Annual Skin Examinations from U.S. Dermatology Partners

What Is an Annual Skin Examination?

Skin cancer is the most common form of cancer in the U.S. It is estimated that one in five Americans will develop skin cancer in their lifetime. Sun damage to the skin is cumulative over a person’s lifetime, so the average risk of skin cancer also increases as our life expectancy gets longer.

Just as you schedule your annual physical or trip to the dentist, it is important to conduct a self-examination of your skin each month and schedule a professional skin examination once a year. Skin cancer is a treatable condition, but early detection is key.

Annual Skin Examinations: Dermatologist examines a mole of male patient

Dermatologists have special training that includes the diagnosis and management of skin cancers.

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Why Are Annual Skin Examinations Important?

Woman examining a mole.

Skin self-examinations should be performed monthly.

While skin cancers are almost always curable when detected and treated early, the best line of defense is to prevent them from occurring in the first place.

A recent study in The Journal of the National Cancer Institute found that skin self-exams could reduce the risk of advanced disease among melanoma patients and potentially decrease melanoma mortality by up to 63 percent. Skin exams conducted by physicians and dermatologists are also incredibly effective.

The Journal of the American Medical Association reported that melanomas found by physicians tend to be thinner (thus at an earlier stage, and more easily cured) than those found by patients on their own.

Skin self-examinations should be performed monthly and if you find something irregular (a mole that is asymmetric, irregular with a scalloped border, or of varied color, for example), you should consult with your dermatologist, who may suggest a full body screening exam.

The American Academy of Dermatology’s Body Mole Map can help you understand the most effective ways to find and monitor any suspicious moles on your skin.

Download Body Mole MapExamining your skin means taking note of all the spots on your body including moles, freckles and age spots. A mole or skin lesion that looks different from the rest or is changing in size, shape or color should always be noted.

Take pictures for reference and ask for help when checking your skin, especially in hard to see places.

  • Examine your body front to back in a mirror, then your right and left sides, arms raised.
  • Examine the back of your neck and scalp with a hand mirror. Part hair for a closer look at your scalp.
  • Bend your elbows, look carefully at your forearms, the backs of your upper arms and palms.
  • Check your back and buttocks with a hand mirror.
  • Finally, look at the backs of your legs and feet, as well as the spaces between your toes and your soles.

Even if you do not find any irregularities on your own, you should schedule a skin examination with your doctor at least once a year. Just like an annual dental exam, an annual skin exam ensures that you are catching any dermatology problems in their earliest stages.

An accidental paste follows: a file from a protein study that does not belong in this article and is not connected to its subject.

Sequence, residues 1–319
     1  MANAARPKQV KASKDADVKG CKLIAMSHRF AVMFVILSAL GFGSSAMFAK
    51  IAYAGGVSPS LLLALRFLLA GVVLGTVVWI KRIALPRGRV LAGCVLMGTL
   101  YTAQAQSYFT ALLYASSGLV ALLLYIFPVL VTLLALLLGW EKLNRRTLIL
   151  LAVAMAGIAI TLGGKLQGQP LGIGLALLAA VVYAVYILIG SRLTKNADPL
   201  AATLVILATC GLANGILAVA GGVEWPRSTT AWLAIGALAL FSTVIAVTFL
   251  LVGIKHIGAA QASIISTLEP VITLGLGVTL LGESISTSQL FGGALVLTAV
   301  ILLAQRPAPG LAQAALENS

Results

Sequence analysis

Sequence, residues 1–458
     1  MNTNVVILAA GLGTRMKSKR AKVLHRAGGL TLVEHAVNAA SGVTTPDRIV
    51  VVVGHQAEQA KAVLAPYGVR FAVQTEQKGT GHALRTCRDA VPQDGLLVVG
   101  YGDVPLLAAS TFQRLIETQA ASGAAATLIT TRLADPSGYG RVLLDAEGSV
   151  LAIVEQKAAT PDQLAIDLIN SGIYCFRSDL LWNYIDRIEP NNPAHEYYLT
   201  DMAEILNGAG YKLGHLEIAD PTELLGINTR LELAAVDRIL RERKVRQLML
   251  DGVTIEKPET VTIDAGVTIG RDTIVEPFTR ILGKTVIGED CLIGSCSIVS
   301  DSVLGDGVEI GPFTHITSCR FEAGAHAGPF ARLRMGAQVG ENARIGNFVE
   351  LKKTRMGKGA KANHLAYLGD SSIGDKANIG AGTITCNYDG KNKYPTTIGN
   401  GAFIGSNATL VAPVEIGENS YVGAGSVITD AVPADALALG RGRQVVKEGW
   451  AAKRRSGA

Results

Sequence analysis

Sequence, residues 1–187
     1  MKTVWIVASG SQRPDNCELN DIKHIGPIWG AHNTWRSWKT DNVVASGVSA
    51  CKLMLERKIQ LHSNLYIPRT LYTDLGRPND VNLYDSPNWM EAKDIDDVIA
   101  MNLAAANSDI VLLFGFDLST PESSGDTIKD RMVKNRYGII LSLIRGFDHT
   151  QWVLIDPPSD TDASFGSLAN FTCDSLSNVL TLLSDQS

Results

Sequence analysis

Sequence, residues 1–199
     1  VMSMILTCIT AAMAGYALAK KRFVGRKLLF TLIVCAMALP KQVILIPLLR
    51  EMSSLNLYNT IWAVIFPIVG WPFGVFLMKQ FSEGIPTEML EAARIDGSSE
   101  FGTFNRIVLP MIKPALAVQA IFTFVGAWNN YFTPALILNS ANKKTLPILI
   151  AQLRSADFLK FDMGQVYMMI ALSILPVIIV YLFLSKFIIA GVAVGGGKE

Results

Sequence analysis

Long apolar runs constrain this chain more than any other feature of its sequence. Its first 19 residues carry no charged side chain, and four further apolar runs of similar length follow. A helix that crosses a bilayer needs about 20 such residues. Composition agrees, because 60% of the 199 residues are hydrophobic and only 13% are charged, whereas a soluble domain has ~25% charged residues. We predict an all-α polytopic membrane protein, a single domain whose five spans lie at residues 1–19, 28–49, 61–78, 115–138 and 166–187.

At the very least, your primary care physician should evaluate your skin during your annual health examination. If you have a question about your skin that he or she cannot answer, a referral to a dermatologist is appropriate.

If you have a history of skin cancer or a high number of moles, it is important to see a dermatologist for regular skin examinations at intervals ranging from three months to annually.

How Are Annual Skin Examinations Performed?

Dermatologists have special training that includes the diagnosis and management of skin cancers. They are trained to find spots that you may have overlooked during your own examination.

Your annual skin examination with your doctor will take about 15 minutes, and you should mention any spots you are concerned about or any changes that you may have noticed.

Dermatologist examining senior woman's skin under light.

If you have a history of skin cancer or a high number of moles, it is important to see a dermatologist for regular skin examinations.

This is also a good time to review with your dermatologist what to look for during self-examinations, such as any changes in the size, color, borders, or shape of a mole. If your doctor finds a spot that he or she suspects could be cancer, it will be biopsied and sent to a pathology lab for review.

During a biopsy, a sliver of tissue is removed for evaluation by a pathologist who will confirm (or refute) whether the spot is cancerous.

Virtually any notable change in a mole should be checked out, so if your doctor orders a biopsy, don’t panic. When dealing with skin cancer, it is always better to be proactive.

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